KYIV – With more Russian forces continuing to arrive on Ukraine’s northern, southern and eastern borders, I visited Kyiv to assess the mood in the country and speak to officials, politicians and civil society figures about the threat.
I found a city preparing for the worst – many Kyivans are contemplating how to leave the city in the event of an attack, and even packing “go bags” with essential items such as money, batteries and documents in case they need to flee – but also strikingly sanguine about the situation. On the whole, everyday life continues as normal.
One explanation for the calm is that Ukraine has been at war since 2014. It has been a brooding, background presence for Kyivans for almost a decade now. Another explanation is that the Ukrainian government does not want to cause panic (the last thing the country needs is runs on banks and shops).
But the calm also reflects a different assessment of Russia’s options and probable next moves from the one prevalent in Washington DC and London. Put simply: though worried, and under no illusions about Vladimir Putin’s belligerence, Ukrainian assessments of the size and imminence of any attack tend to be more conservative than those of partners such as the US.
Maryan Zabblotskyy, a government MP, told me he put the chance of a full-scale invasion of Ukraine at no more than 10 per cent. Other well-connected figures also questioned how soon any action could come. There were expressions of irritation at what they deemed the alarmist tone of some international governments and media outlets. Recent moves by the American and British embassies to extract some staff, for example, were considered wildly excessive.[See also: Instead of panicking, Ukraine prepares for Putin]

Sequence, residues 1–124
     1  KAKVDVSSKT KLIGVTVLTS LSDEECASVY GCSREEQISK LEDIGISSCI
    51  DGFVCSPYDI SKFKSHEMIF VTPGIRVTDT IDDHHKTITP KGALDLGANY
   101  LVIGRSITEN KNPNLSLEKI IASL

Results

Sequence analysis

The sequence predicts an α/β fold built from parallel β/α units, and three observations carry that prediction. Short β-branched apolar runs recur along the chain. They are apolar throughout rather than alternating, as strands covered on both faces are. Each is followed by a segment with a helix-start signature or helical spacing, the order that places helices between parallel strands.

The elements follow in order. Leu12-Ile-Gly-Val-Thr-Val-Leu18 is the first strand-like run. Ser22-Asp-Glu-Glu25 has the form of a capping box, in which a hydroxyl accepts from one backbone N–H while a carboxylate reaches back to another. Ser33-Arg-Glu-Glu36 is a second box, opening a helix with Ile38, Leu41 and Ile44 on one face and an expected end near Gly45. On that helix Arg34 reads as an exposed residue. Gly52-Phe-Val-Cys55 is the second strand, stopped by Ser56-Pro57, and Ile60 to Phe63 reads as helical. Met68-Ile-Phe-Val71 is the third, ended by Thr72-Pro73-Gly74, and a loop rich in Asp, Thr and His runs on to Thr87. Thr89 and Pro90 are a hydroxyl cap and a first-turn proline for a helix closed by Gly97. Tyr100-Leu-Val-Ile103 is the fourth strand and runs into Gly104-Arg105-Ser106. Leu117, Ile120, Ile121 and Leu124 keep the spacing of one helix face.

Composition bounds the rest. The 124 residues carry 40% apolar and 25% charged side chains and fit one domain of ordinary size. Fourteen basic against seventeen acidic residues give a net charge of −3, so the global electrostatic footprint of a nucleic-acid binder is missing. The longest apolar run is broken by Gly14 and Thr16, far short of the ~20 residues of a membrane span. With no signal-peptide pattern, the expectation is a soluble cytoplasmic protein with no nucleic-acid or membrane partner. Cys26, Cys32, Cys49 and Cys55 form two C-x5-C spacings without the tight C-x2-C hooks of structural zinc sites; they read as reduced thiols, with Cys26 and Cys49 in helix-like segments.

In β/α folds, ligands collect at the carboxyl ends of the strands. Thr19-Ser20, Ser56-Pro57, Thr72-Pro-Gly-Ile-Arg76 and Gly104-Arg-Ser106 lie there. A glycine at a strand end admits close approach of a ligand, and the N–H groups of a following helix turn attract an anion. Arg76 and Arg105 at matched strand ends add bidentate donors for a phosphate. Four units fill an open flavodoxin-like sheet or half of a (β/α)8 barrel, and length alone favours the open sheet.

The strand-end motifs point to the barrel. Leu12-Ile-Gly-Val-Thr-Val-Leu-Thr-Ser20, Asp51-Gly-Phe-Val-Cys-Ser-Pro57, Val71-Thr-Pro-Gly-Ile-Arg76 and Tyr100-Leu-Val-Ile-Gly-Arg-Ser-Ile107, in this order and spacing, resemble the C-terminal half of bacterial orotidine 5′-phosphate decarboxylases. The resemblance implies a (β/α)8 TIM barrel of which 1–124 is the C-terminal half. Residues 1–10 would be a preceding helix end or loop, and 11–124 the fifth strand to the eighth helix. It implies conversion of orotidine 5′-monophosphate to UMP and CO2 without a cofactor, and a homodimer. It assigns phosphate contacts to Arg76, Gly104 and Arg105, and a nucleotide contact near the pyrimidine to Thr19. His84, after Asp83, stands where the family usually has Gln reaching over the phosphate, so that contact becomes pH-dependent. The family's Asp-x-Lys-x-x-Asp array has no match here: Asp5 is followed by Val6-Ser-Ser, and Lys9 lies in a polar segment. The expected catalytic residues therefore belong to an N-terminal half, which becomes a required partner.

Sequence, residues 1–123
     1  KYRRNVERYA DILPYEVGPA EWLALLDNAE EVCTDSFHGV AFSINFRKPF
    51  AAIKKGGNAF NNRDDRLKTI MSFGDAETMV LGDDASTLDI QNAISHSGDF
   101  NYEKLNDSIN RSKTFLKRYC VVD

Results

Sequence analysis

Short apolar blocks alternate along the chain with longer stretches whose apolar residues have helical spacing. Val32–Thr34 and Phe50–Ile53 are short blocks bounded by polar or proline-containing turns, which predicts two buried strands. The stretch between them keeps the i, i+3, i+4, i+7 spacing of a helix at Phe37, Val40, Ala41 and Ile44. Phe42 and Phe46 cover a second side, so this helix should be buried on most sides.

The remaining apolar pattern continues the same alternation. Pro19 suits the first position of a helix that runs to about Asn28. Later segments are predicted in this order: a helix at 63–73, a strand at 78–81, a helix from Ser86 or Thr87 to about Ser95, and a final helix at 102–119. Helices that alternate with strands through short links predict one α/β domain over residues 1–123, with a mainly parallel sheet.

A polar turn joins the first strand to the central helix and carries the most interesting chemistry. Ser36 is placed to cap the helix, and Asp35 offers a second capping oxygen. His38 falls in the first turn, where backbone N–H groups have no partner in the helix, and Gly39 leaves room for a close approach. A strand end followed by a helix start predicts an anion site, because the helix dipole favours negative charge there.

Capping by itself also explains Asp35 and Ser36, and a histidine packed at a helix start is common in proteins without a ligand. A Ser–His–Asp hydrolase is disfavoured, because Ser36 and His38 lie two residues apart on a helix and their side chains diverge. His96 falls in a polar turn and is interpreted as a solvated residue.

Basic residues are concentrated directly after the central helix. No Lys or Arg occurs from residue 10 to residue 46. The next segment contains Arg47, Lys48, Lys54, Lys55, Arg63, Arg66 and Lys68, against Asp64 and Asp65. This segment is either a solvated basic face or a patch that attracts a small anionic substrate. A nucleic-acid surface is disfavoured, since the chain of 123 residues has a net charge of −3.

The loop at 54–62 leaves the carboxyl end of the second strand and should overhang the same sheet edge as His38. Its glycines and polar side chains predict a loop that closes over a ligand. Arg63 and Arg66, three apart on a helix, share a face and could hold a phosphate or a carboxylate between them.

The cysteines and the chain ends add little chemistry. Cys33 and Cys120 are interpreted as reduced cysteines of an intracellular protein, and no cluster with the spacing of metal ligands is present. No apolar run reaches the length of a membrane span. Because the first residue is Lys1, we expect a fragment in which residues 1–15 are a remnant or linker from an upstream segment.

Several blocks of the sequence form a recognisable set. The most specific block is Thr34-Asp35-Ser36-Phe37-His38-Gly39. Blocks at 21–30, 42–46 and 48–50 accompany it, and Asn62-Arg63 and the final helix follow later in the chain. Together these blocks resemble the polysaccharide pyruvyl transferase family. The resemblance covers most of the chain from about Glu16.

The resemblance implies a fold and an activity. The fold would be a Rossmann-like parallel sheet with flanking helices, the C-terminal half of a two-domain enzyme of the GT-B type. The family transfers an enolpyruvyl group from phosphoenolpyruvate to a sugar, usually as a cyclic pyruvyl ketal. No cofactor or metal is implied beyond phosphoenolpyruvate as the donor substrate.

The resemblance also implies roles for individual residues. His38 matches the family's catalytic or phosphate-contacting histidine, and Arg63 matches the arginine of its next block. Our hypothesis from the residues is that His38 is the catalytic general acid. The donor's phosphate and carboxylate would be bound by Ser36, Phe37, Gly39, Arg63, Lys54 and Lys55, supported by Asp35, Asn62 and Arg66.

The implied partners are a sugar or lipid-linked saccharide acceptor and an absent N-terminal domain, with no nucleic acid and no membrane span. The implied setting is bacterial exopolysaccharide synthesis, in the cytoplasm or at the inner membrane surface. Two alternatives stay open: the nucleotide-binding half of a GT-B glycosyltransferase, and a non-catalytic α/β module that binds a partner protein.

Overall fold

The contrast in outlooks was further highlighted on Thursday (27 January) in a long phone call between Ukraine’s President Volodymyr Zelensky and his US counterpart Joe Biden. According to CNN, Biden said that an invasion was “now virtually certain” and “may be imminent”. Zelensky reportedly retorted that the threat was “dangerous but ambiguous”. A senior Ukrainian source claims that the two leaders were so far apart on the level of risk that the call “did not go well”, which the White House strenuously denies.
Whichever view you take, the gap in thinking is alarming. Either the US is over-hyping the danger of a massive invasion, risking panic, undermining Ukraine’s economy and thus playing into Putin’s hands, or Ukraine’s government is underestimating imminent danger.
To be clear, Ukrainian leaders are not ruling out the chance of a major Russian attack. Some moot concentrated action expanding Moscow’s de facto occupation of much of the Donbas, in eastern Ukraine. Another idea is that Putin prefers cyberattacks and air strikes to significant additional boots on the ground – one of the reasons that anti-aircraft missiles are top of the list of Ukrainian requests from allies willing to deliver deterrent weaponry.